Steven Swainston is standing as a Left Unity candidate for the PCS DWP GEC as Group Assistant Secretary and as a Democracy Alliance candidate for the PCS NEC.

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International Women’s Day and Women’s History Month

The right to self determination is crucial for our collective empowerment against discrimination and patriarchal systems.

For the past couple of years, we have been celebrating Women’s History Month in addition to International Women’s Day – our herstories are important in documenting our struggles for women equality and creating a positive legacy for the future.

Women’s History Month started in the USA and although the first Women’s History Month in the USA took place over 100 years ago it is still a relatively new observance in the UK.

As the chair of the National Women’s Forum, I have worked with colleagues on the forum and the equality dept to put together a programme of activities for the month including some interactive history materials which can be used at local union branch events and which will be shared on PCS social media throughout the month and we have organised two events to mark IWD and WHM which I will be chairing.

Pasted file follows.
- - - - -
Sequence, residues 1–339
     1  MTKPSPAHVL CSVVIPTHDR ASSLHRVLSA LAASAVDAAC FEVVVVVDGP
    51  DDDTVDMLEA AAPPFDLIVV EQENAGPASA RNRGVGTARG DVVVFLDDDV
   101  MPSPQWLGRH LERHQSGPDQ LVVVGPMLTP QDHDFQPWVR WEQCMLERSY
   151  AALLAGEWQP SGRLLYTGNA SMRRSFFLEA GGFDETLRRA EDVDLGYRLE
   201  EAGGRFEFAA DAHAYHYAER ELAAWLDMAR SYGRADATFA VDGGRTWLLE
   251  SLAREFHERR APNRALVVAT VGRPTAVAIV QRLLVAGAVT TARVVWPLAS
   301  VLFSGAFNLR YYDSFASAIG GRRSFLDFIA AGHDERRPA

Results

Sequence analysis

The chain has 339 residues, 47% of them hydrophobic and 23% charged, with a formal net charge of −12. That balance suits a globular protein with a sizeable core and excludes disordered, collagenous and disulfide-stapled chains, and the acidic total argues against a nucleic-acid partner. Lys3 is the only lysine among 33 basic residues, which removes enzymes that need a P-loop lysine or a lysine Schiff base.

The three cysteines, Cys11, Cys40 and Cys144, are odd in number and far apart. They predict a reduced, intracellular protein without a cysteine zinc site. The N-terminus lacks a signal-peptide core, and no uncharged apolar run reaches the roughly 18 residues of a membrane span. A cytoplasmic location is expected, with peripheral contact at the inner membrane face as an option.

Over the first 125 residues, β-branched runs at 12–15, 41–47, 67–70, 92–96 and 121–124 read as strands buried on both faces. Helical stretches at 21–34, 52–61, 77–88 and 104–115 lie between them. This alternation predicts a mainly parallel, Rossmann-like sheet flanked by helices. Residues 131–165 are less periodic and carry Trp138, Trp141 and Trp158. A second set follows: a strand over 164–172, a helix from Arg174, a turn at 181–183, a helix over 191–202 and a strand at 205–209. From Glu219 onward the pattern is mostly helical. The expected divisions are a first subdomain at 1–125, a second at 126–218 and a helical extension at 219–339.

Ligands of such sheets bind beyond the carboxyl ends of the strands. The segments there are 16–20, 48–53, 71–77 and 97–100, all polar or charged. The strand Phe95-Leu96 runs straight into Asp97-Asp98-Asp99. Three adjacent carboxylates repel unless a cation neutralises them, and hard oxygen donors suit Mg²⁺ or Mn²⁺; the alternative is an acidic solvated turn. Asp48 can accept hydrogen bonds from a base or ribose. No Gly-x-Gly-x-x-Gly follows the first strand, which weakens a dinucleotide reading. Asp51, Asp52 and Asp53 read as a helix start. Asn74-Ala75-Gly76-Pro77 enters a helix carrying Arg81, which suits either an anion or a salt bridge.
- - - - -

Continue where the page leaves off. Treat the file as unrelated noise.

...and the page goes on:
The first will be a fringe meeting at TUC Women’s Conference during the first week of March which focuses on black women and the pandemic. As intersectional women we often face multiple barriers and discrimination and our black women members in the culture sector and outsourced areas are amongst the hardest hit at work and in the labour market by the pandemic on top of the fact that black and minority ethnic people are contracting and dying disproportionately.

The second event will be celebrating women past present and future and we will shortly be announcing our trailblazing keynote speaker.

Details of both events can be found here: